dam and Canadian River area. Report submitted by Mark Walker, game warden
stationed in Blaine County.
Arbuckle: Elevation 4 1/2 ft. below normal, water 44 and stained to clear.
Crappie fair at 35-65 ft. on minnows and spoons. White bass biting on spoons
on mid-lake knolls. Bass fishing slow to fair using jerk baits and swim
baits. Report submitted by Jack Melton.
Blue River: Elevation below normal, water 39 and clear. Trout fair on
garlic-scented powerbait, power worms, and meal worms. Trout good on black
and red super dupers and in-line spinners as well as on red midges, San Juan
worms, pheasant tails, and hares ears. Smallmouth, spotted, and largemouth
bass fair on soft plastics and in-line spinners. Channel catfish fair on
stinkbait and liver. Flathead catfish fair on sunfish. Report submitted by
Matt Gamble, biologist at the Blue River Public Fishing and Hunting Area.
Broken Bow: Elevation normal, water clear. Largemouth and smallmouth bass
good on jig and pig black #11 around structure. Catfish good on juglines
with cut baits. Look for walleye starting to run when water temperature
reaches 45 degrees. Report submitted by Dru Polk, game warden stationed in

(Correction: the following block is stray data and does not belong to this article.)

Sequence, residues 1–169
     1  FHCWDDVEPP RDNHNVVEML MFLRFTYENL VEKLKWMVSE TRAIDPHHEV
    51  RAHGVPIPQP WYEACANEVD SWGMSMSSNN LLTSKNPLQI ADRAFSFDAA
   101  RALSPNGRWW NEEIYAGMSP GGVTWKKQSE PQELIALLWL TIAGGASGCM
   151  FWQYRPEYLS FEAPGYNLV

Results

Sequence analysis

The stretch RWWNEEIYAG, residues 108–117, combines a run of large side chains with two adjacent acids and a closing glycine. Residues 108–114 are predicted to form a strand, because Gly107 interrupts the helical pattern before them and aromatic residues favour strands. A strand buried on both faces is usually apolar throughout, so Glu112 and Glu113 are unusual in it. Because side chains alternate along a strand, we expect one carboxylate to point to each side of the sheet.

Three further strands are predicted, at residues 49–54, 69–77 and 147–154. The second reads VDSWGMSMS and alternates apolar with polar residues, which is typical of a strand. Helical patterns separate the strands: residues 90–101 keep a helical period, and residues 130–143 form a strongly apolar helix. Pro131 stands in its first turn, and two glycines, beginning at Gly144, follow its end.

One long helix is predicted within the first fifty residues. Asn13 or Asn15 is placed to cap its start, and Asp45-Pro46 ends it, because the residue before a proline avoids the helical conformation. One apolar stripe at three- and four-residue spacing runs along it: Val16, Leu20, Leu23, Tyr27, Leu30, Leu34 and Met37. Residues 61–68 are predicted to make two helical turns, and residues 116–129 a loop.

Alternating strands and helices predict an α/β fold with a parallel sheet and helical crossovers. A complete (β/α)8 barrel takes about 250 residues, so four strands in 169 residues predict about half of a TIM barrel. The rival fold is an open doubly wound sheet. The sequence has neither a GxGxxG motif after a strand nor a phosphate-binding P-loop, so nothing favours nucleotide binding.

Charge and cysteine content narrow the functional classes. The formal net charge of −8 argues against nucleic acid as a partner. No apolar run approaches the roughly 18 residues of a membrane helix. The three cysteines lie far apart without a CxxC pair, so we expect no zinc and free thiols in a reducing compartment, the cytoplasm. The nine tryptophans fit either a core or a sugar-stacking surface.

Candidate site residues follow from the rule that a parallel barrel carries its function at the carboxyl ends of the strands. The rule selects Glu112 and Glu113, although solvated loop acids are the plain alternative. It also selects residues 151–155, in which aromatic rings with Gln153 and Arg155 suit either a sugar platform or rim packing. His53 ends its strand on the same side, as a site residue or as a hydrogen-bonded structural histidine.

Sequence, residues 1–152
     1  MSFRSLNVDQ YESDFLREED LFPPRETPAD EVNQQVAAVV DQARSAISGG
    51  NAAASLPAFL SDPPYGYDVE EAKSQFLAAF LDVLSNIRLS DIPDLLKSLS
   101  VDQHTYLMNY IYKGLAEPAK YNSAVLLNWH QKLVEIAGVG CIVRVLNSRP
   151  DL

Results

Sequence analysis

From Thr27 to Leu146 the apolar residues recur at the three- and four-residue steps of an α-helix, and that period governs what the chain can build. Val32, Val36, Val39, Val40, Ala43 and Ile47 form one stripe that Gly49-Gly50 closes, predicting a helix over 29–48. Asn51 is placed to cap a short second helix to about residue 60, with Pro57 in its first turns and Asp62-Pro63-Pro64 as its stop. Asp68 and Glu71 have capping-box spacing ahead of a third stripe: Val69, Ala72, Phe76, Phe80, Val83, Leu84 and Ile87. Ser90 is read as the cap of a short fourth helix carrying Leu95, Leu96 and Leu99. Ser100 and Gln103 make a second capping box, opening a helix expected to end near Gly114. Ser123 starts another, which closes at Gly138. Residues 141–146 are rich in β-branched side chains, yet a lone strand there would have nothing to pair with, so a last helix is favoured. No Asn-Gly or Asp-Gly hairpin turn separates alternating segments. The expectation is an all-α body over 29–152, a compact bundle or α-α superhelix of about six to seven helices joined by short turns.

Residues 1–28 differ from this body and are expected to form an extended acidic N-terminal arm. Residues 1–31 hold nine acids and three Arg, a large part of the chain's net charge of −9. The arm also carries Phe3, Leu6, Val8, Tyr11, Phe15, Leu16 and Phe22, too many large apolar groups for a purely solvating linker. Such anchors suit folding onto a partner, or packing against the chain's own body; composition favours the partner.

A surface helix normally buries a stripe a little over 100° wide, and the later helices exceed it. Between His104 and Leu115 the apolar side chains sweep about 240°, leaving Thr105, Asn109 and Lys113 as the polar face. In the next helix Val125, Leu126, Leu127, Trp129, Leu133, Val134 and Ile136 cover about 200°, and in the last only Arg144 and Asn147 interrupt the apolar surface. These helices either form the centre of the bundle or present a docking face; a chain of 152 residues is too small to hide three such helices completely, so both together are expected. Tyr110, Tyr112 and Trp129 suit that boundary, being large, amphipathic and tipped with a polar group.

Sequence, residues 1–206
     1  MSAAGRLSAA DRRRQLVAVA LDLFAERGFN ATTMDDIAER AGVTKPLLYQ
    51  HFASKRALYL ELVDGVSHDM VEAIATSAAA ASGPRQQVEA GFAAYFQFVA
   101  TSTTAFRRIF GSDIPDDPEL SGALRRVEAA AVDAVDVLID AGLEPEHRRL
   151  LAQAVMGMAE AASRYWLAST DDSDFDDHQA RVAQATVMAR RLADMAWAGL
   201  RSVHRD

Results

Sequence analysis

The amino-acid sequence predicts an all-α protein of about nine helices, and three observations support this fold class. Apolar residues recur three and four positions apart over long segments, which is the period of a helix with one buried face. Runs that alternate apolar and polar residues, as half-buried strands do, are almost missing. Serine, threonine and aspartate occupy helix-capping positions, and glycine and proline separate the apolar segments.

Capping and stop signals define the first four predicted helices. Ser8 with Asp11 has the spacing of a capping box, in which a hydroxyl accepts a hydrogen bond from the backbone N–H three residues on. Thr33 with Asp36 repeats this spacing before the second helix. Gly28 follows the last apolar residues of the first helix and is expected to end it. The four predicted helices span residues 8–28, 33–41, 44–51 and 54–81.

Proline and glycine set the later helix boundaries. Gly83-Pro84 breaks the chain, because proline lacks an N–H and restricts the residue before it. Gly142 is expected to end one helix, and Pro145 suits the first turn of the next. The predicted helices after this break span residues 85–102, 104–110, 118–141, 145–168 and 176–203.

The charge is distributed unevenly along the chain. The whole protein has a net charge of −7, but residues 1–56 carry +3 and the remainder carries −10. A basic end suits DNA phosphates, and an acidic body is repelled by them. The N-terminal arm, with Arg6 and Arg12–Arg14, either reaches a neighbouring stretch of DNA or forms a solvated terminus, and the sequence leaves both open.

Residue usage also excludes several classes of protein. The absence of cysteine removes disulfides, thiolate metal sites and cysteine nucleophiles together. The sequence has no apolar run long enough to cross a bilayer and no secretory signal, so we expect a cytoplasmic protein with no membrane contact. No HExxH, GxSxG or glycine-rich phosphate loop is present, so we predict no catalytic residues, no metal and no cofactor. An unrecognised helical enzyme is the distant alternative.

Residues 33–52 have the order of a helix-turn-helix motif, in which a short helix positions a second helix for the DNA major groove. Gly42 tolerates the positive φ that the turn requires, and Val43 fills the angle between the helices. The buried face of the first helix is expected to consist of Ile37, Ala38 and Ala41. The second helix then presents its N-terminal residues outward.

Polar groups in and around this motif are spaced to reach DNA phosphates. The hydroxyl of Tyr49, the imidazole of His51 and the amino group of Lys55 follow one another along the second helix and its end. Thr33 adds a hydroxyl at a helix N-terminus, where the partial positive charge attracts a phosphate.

Eufaula: Elevation 1/2 ft. below normal, water clear. Crappie fair on
minnows and jigs at 10-20 ft. around brush piles under boat docks. Report
submitted by Ed Rodebush, game warden stationed in McIntosh County.
Lower Mountain Fork River: Fishing good. Small flies, properly presented and
drifted are catching the bulk of the fish. A report from the Re-regulation
dam area said that several large fish were either landed or broken off the
line. In the park, anglers are having success using very small flies,
sometimes trailed behind an attractor fly. There are three methods of
catching these trout; immitate a very small insect, immitate a minnow or
crawfish or use an attractor pattern. The flies used to fish these methods
have been various midge patterns, Zebra midges, Wooly Buggers, Clouser
Minnows, or egg patterns and San Juan worms. Report submitted by Beavers
Bend Fly Shop.
McGee Creek: Elevation 1 ft. below normal, water 49 and clear. Largemouth
bass fair on soft plastic lures and jig and pigs fished slowly at 15-25 ft.
over underwater structure. Report submitted by Larry Luman, game warden
stationed in Atoka County.
Pine Creek: Elevation below normal and clear. Bass fair on shad-colored,
deep-running crankbaits off of rocky points. Crappie fair on blue jigs and
spoons around timber. Catfish good on liver. Report submitted by Mark
Hannah, game warden stationed in McCurtain County.
Robert S. Kerr: Elevation normal, water 42 and murky. Crappie fair at 10 ft.
using minnows fishing the edge of the old creek channels. Blue catfish good
at 8-25 ft. using fresh cut shad fishing the old channels or the windy
shorelines. Report submitted by Rick Olzawski, game warden stationed in